Archive for the ‘Lesson Excerpt’ Category
LSAT Conditional Logic GROUP 2 is made up of the following terms:
- Only if
- Only when
- Only where
All the words in this group follow this translation rule:
The ideas introduced by (i.e., immediately following) these words are the necessary conditions.
Let’s try it:
LSAT Conditional Logic Group 1 is made up of the following terms:
- The only
All the words in this group follow this translation rule:
The ideas introduced by (i.e., immediately following) these words are the sufficient conditions.
Let’s try it
This mind map shows the contents of the Grammar section of our top-rated LSAT course's Core Curriculum. Does your LSAT prep course cover this?
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Thomas Edison said that genius is "1 percent inspiration and 99 percent perspiration." Rene Descartes said "You just keep pushing. You just keep pushing. I made every mistake that could be made. But I just kept pushing." Lucretius, the Roman philosopher, said "Constant dripping hollows out a stone." The point is that hard work counts a lot. Especially when it comes to the LSAT. Yes, how well you do on the LSAT does depend on your raw intellect too, but do not discount how large a role your work ethics will play.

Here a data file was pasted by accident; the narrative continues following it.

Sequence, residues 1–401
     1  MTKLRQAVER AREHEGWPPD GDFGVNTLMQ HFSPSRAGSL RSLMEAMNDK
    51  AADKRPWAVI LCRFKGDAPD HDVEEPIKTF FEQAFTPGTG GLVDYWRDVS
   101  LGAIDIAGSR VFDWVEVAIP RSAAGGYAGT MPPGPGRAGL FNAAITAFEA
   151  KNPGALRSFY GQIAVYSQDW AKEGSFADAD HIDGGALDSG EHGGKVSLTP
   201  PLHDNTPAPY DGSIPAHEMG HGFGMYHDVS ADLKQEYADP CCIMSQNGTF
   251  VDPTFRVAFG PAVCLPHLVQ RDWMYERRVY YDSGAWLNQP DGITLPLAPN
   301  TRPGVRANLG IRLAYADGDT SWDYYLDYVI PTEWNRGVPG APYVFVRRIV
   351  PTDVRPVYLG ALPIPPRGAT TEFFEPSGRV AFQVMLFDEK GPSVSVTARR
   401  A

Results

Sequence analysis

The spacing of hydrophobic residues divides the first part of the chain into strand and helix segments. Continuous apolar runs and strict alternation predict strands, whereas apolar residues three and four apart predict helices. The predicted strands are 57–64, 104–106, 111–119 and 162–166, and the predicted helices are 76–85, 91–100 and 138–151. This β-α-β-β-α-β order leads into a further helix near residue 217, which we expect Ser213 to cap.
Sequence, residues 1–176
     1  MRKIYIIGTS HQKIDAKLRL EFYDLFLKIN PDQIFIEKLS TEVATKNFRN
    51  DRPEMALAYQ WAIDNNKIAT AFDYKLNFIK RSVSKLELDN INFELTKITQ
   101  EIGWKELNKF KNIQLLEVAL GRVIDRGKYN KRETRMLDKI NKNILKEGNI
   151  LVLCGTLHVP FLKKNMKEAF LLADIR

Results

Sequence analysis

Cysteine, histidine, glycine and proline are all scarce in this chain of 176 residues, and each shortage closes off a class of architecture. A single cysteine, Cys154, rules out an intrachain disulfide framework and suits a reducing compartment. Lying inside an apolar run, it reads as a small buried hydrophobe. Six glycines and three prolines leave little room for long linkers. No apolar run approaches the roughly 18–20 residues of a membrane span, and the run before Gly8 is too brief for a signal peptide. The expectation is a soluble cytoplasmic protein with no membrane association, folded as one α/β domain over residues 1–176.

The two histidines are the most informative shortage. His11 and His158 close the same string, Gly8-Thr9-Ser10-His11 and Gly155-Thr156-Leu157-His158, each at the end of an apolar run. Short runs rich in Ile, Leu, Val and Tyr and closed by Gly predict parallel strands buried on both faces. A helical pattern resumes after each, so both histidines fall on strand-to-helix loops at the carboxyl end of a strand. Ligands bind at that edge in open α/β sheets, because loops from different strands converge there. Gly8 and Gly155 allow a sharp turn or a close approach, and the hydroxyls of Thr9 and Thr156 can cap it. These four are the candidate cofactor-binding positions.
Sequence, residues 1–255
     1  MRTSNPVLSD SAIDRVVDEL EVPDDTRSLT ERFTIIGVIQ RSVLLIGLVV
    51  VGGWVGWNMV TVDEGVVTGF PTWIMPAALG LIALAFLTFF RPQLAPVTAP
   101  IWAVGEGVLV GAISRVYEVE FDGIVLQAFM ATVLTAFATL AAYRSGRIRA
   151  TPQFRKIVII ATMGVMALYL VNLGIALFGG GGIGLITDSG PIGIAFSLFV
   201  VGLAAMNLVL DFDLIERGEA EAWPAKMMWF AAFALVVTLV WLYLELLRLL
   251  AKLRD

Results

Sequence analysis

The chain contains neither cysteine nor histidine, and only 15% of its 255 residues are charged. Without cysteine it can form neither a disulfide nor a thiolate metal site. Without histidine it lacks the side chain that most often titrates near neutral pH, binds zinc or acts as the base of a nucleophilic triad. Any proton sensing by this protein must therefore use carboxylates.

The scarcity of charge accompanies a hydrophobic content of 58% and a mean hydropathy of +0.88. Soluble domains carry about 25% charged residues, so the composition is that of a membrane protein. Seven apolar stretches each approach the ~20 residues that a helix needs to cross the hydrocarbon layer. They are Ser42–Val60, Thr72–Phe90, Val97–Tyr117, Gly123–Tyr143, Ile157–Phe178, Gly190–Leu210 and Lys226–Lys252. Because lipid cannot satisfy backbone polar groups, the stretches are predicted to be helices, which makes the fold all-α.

Look at that McRib. So juicy and so tempting. So easy to eat it just melts in your mouth and coagulates on your gut. Look at those fries. Perfectly flavored with all natural chemicals. Crispy and salty. Isn't is so much easier to just eat that than to eat an ugly salad? You know it is. You also know it's terrible for you.
So brace yourselves. We're tossing up some salad and you're not going to like it. But it will save your life.
Also, I'm talking about the LSAT. I don't really care if you eat McDonald's.
Ready? Here we go.
1. Underestimating when to start studying for the LSAT (Three months is not enough time to prepare!)
When should you start studying for the LSAT? The first mistake students make is underestimating the difficulty of the LSAT. So, let me be very clear. The LSAT is a beast. I don't know you. I've never met you. Maybe you're a beast too. But, I'm telling you right now that you need more than 3 months to adequately train.
Now, I know the "industry standard" is 3 months. I have no idea how it got there but it's stupid and detrimental. I have some theories: implicit collusion between you and the test prep companies that charge you $1,000+ for an LSAT Course. They, of course, want to maximize profits and therefore will run the shortest class acceptable. You hate the LSAT so you'll readily accept a prescription of 3 months (or fewer! yay!) as "appropriate" for the amount of time to train. It's collusion and you're the victim.